The Role of Categorical Data Analysis

  • Tamás Rudas
Part of the Springer Texts in Statistics book series (STS)


Any real data collection procedure may lead only to finitely many different observations (categories or measured values), not only in practice but also in theory. The various relationships that are possible between the observed categories are defined in the theory of levels of measurement. The assumption of continuous data, prevalent in several fields of applications of statistics, is an abstraction that may simplify the analysis but does not come without a price. The most common simplifying assumption is that the data have a (multivariate) normal distribution or their distribution belongs to some other parametric family. Another type of assumption, made in nonparametric statistics, is that of a continuous distribution function and essentially implies that all the observations are different. These assumptions have various motivations behind them, from substantive knowledge to mathematical convenience, but often also the lack of existence of appropriate methods to handle the data in categorical form or the lack of knowledge of these methods. In many scientific fields where data are being collected and analyzed, most notably in the social and behavioral sciences but often also in economics, medicine, biology, and quality control, the observations do not have the characteristics possessed by numbers, and assuming they come from a continuous distributions is entirely ungrounded. Further, several important questions in statistics, including joint effects of explanatory variables on a response variable, may be better studied when the variables involved are categorical, than when they are assumed to be continuous. For example, when three variables have a trivariate normal distribution, then the joint effect of two of them on the third one cannot be different from what could be predicted from a pairwise analysis. But in reality, if multivariate normality does not hold, the joint effect is a characteristic of the joint distribution of the three variables. In such a case, the assumption of normality makes it impossible to realize the true nature of the joint effect. For categorical data, structure and stochastics in statistical modeling are largely independent and are studied separately.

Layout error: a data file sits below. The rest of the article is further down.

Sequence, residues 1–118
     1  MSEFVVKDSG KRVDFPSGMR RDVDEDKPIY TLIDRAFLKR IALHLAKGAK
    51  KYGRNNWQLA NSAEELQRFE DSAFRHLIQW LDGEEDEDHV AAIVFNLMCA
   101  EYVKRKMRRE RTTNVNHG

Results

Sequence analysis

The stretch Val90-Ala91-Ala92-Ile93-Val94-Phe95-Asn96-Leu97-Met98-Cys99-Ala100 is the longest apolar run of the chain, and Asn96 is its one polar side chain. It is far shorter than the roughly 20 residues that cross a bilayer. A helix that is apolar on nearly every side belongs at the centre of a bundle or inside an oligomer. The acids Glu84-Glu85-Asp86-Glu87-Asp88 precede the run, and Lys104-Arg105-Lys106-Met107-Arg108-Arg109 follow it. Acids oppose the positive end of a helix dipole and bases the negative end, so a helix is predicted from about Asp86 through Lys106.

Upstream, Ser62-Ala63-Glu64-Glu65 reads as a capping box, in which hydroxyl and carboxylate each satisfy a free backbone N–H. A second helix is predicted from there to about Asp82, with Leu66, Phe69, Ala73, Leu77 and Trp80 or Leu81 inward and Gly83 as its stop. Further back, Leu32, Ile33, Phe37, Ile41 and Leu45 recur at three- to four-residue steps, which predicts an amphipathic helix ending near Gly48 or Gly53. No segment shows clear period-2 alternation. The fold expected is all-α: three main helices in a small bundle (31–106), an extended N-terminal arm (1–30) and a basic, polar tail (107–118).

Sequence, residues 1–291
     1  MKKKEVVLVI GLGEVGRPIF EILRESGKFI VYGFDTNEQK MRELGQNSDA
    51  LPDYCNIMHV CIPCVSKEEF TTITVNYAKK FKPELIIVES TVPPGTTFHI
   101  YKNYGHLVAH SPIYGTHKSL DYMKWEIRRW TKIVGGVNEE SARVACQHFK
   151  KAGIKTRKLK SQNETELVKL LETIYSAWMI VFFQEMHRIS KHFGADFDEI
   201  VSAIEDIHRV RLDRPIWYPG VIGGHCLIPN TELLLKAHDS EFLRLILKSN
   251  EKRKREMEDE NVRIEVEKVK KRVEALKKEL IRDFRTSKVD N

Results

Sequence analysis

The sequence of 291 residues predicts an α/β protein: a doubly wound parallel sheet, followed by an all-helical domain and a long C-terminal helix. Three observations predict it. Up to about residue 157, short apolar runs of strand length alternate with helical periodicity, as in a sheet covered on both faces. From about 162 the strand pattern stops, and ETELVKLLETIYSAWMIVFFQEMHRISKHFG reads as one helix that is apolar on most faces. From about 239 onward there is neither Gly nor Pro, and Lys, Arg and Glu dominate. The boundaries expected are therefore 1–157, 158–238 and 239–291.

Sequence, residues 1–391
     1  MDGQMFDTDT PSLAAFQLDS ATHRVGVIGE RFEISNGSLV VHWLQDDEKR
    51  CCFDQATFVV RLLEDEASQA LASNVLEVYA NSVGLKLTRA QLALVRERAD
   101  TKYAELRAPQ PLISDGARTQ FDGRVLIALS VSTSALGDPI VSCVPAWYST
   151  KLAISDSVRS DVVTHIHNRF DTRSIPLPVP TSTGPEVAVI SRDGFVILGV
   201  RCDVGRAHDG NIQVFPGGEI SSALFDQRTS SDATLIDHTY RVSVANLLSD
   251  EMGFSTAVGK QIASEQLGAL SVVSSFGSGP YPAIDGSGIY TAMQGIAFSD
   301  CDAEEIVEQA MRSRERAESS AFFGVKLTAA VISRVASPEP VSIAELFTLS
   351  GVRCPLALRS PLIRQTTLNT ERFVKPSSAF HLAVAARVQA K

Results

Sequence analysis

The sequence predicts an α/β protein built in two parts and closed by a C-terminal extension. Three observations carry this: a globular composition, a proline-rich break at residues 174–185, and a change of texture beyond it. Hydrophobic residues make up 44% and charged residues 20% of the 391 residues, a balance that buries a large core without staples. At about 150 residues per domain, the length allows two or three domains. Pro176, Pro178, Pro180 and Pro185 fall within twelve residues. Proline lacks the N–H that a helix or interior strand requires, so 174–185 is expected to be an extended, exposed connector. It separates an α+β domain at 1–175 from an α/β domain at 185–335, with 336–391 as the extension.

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© Springer Science+Business Media, LLC, part of Springer Nature 2018

Authors and Affiliations

  • Tamás Rudas
    • 1
    • 2
  1. 1.Center for Social SciencesHungarian Academy of SciencesBudapestHungary
  2. 2.Eötvös Loránd UniversityBudapestHungary

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